Emigrating to the United States to escape poverty back home is the dream of many residents of the Mayan indigenous community in Yalambojoch, western Guatemala. It was the dream that ultimately cost eight-year-old Felipe Gomez his life after he crossed into the US with his father Agustin.
The child fell ill while in US border control custody and died in hospital on Christmas Eve of an unspecified infection. His 31-year-old mother, Catarina Alonzo, has been left distraught by the loss. With reddened eyes and a distant gaze, Alonzo remembers the vow her son gave before leaving for the promised land.
The US Department of Homeland Security said all minors in border control would be given thorough medical screening.
“I’m going with my dad, mummy. I’m going there to study and after that I’ll work to send you money,” she said in the Chuj language as her step-daughter, also called Catarina, translated into Spanish. From her humble home in the mountainous Chuj village, Alonzo said “no one’s to blame” for her son’s death. But now, all she wants is to repatriate his body.
She acknowledged that she and her 47-year-old husband agreed young Felipe would make the journey because life in Yalambojoch “is tough.” Employment is scarce in the remote Nenton municipality where the village is located, close to the Mexico border some 185 kilometers (115 miles) northeast of the capital Guatemala City.
Felipe’s sister says her father heard he would have a better chance of remaining in the US if he took the child with him, but insisted her brother wanted to go. “The child was happy, he was excited by the prospect of going there to study and to better himself,” said the 21-year-old. In the family home, an altar has been set up in Felipe’s memory with flowers, candles and photographs.
Lack of Work
Yalambojoch is a place where the benefits of migration to the United States are starkly visible. Precarious homes made of wooden boards teeter next to more solid structures built with concrete paid for by the remittances sent home by US immigrants.
The child fell ill while in US border control custody and died in hospital on Christmas Eve of an unspecified infection.
“Every person who goes and manages to stay in the US, the first thing they do is save up their money and send it to start building” and helping the family left behind, said local mayor Lucas Perez, 45. He lamented the fact that locals feel obliged to migrate due to a lack of work, while even farmers earn only $4.50 to $6.50 a day.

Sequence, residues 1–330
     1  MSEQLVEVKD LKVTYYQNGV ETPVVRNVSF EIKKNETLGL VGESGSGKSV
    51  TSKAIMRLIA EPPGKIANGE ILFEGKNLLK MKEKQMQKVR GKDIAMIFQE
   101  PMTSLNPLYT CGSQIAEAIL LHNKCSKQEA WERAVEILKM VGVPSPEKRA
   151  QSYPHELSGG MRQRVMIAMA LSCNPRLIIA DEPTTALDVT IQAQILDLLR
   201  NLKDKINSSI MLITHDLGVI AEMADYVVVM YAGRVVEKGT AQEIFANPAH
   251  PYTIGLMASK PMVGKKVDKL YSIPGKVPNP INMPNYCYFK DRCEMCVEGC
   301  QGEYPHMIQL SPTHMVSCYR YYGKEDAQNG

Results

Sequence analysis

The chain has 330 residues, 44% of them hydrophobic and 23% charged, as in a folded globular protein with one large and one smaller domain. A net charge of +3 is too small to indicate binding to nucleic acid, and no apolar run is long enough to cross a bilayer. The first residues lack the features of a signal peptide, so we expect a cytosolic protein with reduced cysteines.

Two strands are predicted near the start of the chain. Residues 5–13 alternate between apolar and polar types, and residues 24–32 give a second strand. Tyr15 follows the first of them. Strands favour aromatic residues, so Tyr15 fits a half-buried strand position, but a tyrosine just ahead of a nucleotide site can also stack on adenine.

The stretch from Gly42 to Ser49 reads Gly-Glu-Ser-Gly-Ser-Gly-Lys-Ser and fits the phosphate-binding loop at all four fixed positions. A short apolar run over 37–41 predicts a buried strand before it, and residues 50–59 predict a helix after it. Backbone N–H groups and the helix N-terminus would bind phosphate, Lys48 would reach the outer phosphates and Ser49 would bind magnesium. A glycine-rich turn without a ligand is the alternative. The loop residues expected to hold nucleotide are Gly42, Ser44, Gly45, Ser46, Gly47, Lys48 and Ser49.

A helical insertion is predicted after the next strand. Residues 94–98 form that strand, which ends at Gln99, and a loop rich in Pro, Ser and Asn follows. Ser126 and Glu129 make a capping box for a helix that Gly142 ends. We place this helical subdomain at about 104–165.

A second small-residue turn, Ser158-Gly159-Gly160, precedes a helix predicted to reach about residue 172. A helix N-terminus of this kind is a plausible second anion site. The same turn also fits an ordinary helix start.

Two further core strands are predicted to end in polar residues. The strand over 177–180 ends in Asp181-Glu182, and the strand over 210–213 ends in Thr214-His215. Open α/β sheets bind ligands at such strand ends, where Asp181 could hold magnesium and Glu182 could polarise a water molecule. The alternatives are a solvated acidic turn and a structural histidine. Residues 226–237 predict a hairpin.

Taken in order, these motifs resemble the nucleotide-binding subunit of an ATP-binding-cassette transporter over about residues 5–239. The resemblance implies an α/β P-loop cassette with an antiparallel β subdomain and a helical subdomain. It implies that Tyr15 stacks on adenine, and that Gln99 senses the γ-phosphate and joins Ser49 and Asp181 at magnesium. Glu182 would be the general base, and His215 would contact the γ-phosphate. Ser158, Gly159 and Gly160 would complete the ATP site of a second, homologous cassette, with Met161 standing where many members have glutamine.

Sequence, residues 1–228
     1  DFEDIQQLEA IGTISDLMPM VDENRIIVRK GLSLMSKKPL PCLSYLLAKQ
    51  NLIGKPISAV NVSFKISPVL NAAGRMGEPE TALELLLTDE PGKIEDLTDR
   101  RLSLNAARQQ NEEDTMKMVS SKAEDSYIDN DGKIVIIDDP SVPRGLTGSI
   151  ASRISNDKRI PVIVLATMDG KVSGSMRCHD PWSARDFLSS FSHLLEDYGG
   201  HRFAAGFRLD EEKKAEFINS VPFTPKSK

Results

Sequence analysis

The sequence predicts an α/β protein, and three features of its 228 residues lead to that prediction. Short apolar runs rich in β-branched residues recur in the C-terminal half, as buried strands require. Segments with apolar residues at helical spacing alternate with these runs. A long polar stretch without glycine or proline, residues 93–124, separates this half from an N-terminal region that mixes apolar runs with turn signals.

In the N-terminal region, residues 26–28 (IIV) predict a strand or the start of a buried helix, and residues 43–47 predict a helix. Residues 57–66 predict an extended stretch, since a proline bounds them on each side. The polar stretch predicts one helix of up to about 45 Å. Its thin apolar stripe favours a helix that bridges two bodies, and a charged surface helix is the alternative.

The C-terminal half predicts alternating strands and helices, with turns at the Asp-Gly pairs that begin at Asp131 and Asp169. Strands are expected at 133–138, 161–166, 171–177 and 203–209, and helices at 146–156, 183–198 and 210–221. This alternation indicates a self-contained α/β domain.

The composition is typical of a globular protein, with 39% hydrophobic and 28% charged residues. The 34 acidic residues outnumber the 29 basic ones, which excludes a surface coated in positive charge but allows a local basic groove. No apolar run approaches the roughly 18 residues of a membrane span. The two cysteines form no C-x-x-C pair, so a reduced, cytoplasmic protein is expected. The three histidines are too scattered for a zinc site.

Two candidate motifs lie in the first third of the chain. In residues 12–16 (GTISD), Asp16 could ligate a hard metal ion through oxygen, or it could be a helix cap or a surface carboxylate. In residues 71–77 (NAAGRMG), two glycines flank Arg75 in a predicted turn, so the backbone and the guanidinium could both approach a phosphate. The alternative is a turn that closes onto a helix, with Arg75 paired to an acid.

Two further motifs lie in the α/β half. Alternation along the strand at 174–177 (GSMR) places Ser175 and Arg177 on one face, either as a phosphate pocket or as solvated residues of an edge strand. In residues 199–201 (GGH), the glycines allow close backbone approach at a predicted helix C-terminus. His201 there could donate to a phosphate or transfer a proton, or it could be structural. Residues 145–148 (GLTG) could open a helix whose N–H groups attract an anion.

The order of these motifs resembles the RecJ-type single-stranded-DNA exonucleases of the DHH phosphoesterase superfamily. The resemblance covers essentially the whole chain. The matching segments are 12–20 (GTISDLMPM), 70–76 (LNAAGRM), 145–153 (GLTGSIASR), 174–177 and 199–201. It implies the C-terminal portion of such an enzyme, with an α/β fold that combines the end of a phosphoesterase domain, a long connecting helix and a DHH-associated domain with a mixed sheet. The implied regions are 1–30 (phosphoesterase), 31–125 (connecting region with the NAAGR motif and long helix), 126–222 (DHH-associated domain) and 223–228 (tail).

Those doing “a little better” are builders, who can make up to $13 a day. The staple diet in this Maya village of 1,500 people is beans and corn wraps, while most people try to raise a pig every year to sell, said Perez. According to official statistics, more than 59 percent of Guatemala’s 16 million people live in poverty, but that figure rises to 80 percent in indigenous villages, mostly in the north and west.
They’re the ones most likely to embark on the long route to the US in the hope of migrating. Over the years, remittances mostly sent from the US have become an important pillar of Guatemala’s economy, equivalent to 70 percent of its exports and bringing in $11 billion a year.
“Here we don’t count on help from the government or governor, much less the municipality,” complained Perez. Politicians “come during the campaign, but once they’re in power, no one remembers” the community. Quite apart from poverty, Yalambojoch suffered greatly from military repression during the 1960-96 civil war and in 1982 the village was abandoned when its inhabitants fled over the border into Mexico.
Precarious homes made of wooden boards teeter next to more solid structures built with concrete paid for by the remittances sent home by US immigrants.
Felipe’s death wasn’t the only one affecting an indigenous Guatemalan child migrant to the United States this month. He died the same day that seven-year-old Jakelin Caal was buried after also dying on December 8, possibly from dehydration, in a US hospital after she and her 29-year-old father Nery were apprehended by border police when chasing the “American Dream.”
They came from the Q’eqchi community — one of the largest Mayan groups in the country — in Raxruha, 145 kilometers to the north of Guatemala City. Following the deaths of the migrant children, the US Department of Homeland Security said all minors in border control would be given thorough medical screening.
Meanwhile, the head of border security, Kevin McAleenan appealed for more funds to deal with the “enormous flow” of families crossing from Mexico.
© Agence France-Presse